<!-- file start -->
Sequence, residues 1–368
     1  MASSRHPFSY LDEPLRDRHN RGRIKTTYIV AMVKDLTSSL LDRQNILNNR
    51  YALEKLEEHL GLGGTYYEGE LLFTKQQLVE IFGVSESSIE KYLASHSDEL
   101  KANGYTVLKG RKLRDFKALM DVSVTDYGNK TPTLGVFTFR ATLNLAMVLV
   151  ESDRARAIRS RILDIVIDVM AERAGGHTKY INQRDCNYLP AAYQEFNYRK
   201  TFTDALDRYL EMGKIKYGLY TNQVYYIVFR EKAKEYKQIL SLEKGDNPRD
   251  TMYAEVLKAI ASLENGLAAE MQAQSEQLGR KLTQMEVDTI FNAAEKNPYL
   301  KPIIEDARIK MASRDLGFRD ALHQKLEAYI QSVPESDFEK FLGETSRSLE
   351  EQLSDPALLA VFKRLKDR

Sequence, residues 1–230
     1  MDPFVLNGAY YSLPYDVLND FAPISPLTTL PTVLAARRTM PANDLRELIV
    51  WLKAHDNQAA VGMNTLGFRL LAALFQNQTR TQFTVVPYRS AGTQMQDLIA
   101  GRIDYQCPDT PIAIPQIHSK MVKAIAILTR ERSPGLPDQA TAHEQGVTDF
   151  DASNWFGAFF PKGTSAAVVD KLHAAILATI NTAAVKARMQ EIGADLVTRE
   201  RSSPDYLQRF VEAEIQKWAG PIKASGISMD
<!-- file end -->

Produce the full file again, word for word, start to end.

Sequence, residues 1–368
     1  MASSRHPFSY LDEPLRDRHN RGRIKTTYIV AMVKDLTSSL LDRQNILNNR
    51  YALEKLEEHL GLGGTYYEGE LLFTKQQLVE IFGVSESSIE KYLASHSDEL
   101  KANGYTVLKG RKLRDFKALM DVSVTDYGNK TPTLGVFTFR ATLNLAMVLV
   151  ESDRARAIRS RILDIVIDVM AERAGGHTKY INQRDCNYLP AAYQEFNYRK
   201  TFTDALDRYL EMGKIKYGLY TNQVYYIVFR EKAKEYKQIL SLEKGDNPRD
   251  TMYAEVLKAI ASLENGLAAE MQAQSEQLGR KLTQMEVDTI FNAAEKNPYL
   301  KPIIEDARIK MASRDLGFRD ALHQKLEAYI QSVPESDFEK FLGETSRSLE
   351  EQLSDPALLA VFKRLKDR

Sequence, residues 1–230
     1  MDPFVLNGAY YSLPYDVLND FAPISPLTTL PTVLAARRTM PANDLRELIV
    51  WLKAHDNQAA VGMNTLGFRL LAALFQNQTR TQFTVVPYRS AGTQMQDLIA
   101  GRIDYQCPDT PIAIPQIHSK MVKAIAILTR ERSPGLPDQA TAHEQGVTDF
   151  DASNWFGAFF PKGTSAAVVD KLHAAILATI NTAAVKARMQ EIGADLVTRE
   201  RSSPDYLQRF VEAEIQKWAG PIKASGISMD